Marx would consider all of this to be in line with his writings, although I am not sure even he could have predicted the extent to which this would occur. According to Marx, one of the ultimate effects of capitalism is the tendency for capitalists to co-opt governments, in order to produce policies that favor the capitalists’ ability to make profit. For example, by making the government pass laws that allow capitalists to elongate the workday, capitalists can increase labor and therefore profit (absolute surplus labor). By getting the government to allow unsafe processes or environmentally dangerous techniques in manufacturing, capitalists can reduce the amount of necessary labor and make more profit as well (relative surplus labor via industrialization).

Marx’s writings are best applied to the manufacturing industry, which was presumably a dominant economic sector during his lifetime, but I think he would have had just as much to say about the modern military industrial complex. In this industry, the consumer is the government – so the capitalist’s influence in government directly impacts the amount of profit the capitalist can conceivably make. In other words, the capitalists create government demand and then bleed that demand until they’ve made as much money as they can. Marx accurately predicted that capitalists would use government like this – and while the trends in privatization probably would not have surprised Marx, I think the practice of private firms being used to fight wars would be pretty shocking to his 19th century viewpoint.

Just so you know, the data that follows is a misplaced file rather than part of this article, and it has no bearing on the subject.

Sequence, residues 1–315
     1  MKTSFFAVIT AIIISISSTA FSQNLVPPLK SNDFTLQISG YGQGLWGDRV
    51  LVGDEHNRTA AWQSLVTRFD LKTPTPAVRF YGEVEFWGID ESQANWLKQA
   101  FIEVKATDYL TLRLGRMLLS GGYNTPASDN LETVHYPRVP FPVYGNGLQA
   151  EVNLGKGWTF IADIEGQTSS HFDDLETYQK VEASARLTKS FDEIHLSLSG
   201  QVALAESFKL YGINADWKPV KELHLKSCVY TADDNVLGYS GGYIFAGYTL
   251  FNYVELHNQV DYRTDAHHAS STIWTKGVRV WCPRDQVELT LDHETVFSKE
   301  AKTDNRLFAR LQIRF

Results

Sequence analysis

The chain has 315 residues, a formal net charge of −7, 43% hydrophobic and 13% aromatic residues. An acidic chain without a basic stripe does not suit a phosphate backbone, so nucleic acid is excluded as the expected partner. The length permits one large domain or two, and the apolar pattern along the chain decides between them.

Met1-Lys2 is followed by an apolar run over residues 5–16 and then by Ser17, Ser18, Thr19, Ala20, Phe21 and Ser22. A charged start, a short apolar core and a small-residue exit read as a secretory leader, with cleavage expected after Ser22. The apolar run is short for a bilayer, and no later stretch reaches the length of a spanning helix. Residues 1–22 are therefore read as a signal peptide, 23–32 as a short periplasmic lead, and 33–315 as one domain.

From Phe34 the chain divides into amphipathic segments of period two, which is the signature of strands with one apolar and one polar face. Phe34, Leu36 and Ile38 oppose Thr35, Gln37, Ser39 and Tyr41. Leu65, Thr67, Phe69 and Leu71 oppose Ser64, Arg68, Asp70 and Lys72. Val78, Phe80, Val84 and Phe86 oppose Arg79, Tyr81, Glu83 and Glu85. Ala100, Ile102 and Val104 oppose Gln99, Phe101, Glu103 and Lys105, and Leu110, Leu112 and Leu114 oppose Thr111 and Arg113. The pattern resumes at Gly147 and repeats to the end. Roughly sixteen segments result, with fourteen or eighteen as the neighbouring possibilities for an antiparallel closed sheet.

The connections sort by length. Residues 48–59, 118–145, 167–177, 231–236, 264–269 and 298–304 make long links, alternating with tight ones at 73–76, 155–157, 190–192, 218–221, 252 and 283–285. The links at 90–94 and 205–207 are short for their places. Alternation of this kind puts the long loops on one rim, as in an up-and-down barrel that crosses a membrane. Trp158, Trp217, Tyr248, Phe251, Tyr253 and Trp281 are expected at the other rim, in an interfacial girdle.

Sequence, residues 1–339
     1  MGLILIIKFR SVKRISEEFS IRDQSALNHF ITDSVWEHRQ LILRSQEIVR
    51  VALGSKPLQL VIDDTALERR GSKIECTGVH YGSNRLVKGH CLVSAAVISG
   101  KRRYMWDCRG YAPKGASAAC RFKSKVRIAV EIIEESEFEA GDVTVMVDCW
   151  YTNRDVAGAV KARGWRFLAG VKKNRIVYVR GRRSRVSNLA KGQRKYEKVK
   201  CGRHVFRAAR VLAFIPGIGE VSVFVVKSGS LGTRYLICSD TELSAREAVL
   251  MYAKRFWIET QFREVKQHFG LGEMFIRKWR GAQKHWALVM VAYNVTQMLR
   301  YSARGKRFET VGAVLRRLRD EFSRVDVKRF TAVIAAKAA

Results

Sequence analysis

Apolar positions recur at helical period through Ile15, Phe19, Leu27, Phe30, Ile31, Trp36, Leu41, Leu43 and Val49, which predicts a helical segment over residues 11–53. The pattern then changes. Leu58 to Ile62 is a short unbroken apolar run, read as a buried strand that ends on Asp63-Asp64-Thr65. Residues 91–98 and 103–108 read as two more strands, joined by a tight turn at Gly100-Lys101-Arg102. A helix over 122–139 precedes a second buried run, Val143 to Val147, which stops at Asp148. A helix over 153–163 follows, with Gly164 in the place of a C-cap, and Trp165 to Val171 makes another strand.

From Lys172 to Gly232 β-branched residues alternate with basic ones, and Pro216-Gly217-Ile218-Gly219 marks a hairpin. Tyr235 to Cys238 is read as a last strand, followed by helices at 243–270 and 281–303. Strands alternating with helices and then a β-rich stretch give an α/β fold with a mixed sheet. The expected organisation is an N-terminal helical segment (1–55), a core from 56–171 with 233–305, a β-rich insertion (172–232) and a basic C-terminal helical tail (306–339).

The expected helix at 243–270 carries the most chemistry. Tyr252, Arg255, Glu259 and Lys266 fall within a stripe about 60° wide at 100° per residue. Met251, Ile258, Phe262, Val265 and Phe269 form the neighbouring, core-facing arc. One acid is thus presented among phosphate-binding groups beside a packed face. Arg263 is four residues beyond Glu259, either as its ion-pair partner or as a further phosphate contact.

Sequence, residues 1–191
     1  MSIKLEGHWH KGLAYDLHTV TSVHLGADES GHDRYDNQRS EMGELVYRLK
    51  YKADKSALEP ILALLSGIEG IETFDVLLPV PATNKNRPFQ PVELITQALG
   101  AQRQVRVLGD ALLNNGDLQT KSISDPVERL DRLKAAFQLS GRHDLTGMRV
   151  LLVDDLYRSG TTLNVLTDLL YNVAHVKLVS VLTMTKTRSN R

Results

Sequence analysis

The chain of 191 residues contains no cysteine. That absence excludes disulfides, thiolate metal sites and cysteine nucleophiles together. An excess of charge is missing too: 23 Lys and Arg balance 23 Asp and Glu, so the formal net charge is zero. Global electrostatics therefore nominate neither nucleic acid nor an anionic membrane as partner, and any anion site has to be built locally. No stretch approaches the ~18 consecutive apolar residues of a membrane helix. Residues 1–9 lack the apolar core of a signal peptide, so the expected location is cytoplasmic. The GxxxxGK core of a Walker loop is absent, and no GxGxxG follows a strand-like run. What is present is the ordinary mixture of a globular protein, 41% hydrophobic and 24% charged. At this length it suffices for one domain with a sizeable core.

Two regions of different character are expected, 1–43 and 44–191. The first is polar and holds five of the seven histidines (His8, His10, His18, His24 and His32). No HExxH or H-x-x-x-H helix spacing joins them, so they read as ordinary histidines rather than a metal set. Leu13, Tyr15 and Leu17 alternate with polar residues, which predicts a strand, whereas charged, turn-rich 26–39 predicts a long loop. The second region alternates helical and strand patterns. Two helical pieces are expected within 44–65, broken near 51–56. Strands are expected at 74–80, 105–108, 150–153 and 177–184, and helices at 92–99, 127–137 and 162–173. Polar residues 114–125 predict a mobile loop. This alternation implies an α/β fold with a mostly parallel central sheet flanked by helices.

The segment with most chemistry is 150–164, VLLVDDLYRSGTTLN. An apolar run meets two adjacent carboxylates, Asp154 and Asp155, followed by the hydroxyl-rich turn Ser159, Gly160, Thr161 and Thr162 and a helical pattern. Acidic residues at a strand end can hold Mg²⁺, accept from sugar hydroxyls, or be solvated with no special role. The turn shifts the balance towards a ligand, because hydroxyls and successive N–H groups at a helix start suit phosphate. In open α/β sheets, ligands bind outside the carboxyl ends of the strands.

Weber’s Iron Cage and Frye’s Bird Cage

Max Weber used the metaphor of the iron cage of bureaucracy to communicate how he thought bureaucracies would transform society. As these highly efficient bureaucracies took hold, Weber asserted that they would control and constrain the population indefinitely, because bureaucracies would last forever. This is strikingly similar to Marilyn Frye’s metaphor of the bird cage, which symbolizes the double binding nature of gender inequality – the bird may believe that it is free or able to escape because the bird’s field of vision only allows it to see one bar at a time, but in reality there are so many bars that the bird will always be constrained in its cage.